Japan’s bid to go smoke-free for 2020 Olympics faces strong resistance
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Japan’s bid to go smoke-free for 2020 Olympics faces strong resistance

JAPAN is moving to pass its strictest ever smoking laws in an attempt to clean up the country’s image before it hosts millions of international visitors at the 2020 Tokyo Olympics.

It is unclear how stringent the restrictions will be given the staunch resistance from those in the restaurant and hotel industries who cater to smokers, as well as the country’s powerful tobacco lobby.

The original proposal envisioned a ban on all indoor smoking across all public institutions, from schools and hospitals to municipal offices, eateries and hotels. The latest version, however, is far less strict, only requiring certain establishments to build a separate smoking room.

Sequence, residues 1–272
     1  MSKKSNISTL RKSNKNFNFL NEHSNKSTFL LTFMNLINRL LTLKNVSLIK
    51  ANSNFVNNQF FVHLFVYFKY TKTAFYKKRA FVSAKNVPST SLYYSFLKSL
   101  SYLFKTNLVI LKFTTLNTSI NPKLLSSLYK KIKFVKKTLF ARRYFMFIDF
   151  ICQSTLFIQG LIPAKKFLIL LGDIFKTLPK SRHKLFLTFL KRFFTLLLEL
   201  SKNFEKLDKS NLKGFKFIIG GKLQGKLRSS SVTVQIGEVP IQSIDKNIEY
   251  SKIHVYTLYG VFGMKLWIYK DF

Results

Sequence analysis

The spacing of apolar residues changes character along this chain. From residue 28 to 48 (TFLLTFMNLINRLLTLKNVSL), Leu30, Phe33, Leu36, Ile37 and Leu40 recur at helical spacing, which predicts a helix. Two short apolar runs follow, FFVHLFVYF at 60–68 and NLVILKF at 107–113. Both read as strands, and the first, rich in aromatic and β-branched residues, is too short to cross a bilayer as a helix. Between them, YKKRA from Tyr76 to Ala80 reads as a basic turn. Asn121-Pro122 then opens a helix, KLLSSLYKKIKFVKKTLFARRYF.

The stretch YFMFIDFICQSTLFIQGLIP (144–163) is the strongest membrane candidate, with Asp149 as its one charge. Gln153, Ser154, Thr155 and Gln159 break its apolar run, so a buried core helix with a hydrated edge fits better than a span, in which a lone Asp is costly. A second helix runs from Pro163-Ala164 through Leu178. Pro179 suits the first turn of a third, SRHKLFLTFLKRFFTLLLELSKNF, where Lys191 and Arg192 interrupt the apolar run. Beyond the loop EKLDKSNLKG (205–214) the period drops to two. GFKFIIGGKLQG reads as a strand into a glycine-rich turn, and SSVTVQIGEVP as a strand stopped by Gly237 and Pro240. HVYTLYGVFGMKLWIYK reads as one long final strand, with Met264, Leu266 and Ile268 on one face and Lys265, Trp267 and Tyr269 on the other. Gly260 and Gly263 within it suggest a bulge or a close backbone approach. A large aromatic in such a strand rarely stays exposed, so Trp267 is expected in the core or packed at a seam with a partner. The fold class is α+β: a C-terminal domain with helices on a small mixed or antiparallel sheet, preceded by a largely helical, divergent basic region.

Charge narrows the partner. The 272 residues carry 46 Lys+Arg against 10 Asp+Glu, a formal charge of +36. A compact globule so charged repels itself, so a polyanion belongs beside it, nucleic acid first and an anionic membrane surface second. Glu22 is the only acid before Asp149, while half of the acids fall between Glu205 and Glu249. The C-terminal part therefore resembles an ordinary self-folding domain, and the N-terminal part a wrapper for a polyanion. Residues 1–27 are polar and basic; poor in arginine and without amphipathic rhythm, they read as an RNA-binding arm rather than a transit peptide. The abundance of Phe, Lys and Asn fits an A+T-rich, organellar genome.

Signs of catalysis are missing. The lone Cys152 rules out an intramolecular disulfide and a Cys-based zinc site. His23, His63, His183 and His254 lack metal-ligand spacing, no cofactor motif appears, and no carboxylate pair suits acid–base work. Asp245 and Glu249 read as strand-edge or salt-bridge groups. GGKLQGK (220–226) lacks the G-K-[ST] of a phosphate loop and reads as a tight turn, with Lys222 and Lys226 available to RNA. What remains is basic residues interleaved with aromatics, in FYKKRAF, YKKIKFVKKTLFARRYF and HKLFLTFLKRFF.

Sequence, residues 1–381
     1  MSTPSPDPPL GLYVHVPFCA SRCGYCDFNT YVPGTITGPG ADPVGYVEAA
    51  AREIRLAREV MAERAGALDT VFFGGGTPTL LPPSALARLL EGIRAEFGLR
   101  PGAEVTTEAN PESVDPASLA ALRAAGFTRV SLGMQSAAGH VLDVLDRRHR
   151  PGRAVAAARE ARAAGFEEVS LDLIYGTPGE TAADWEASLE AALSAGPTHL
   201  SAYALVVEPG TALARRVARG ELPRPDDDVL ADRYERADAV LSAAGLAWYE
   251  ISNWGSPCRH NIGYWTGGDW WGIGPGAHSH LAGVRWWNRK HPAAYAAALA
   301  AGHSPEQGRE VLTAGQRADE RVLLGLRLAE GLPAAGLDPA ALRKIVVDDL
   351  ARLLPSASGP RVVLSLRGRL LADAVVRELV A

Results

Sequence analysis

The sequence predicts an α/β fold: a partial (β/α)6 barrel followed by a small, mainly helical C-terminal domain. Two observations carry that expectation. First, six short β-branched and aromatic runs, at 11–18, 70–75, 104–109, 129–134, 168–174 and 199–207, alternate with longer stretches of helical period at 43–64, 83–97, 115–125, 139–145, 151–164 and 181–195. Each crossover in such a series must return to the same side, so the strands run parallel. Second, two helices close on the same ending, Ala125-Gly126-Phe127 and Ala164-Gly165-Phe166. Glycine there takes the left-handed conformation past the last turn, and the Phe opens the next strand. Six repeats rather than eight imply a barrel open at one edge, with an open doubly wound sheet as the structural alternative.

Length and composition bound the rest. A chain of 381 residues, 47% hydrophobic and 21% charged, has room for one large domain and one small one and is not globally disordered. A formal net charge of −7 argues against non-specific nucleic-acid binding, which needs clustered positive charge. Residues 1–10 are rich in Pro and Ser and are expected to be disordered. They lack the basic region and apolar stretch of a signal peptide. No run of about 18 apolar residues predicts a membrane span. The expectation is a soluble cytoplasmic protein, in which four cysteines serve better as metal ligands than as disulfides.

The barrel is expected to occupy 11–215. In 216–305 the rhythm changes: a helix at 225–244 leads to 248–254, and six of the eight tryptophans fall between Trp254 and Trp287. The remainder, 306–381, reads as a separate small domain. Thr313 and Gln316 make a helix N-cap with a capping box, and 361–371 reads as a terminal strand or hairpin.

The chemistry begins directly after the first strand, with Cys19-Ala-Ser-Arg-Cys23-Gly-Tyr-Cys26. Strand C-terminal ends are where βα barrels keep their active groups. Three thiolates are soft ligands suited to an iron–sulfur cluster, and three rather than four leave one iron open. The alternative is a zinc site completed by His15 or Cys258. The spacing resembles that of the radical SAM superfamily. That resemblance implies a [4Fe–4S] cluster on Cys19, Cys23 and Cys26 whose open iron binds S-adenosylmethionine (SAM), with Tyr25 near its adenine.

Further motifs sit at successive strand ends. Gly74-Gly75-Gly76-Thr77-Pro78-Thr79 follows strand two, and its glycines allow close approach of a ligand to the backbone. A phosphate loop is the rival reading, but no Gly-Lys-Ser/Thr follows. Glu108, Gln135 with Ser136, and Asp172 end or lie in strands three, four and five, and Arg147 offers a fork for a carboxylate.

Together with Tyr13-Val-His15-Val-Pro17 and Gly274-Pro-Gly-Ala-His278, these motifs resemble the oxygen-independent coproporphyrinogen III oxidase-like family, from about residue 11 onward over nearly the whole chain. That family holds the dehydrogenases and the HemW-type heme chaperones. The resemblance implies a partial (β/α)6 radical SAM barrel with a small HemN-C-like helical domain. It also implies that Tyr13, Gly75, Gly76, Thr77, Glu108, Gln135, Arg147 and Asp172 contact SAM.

But even these weakened restrictions are facing challenges as the ruling Liberal Democratic Party have expressed opposition to the reform.

Japan’s reputation as a puffing paradise leaves it well behind most other developed nations, such as Australia and France, which have implemented blanket bans in public spaces.

In a 2015 report, the World Health Organisation gave Japan’s efforts to eradicate second-hand smoke its lowest rating, calling into question whether the country would be considered a responsible one according to the so-called Tobacco-Free Olympics body in time for the 2020 Games.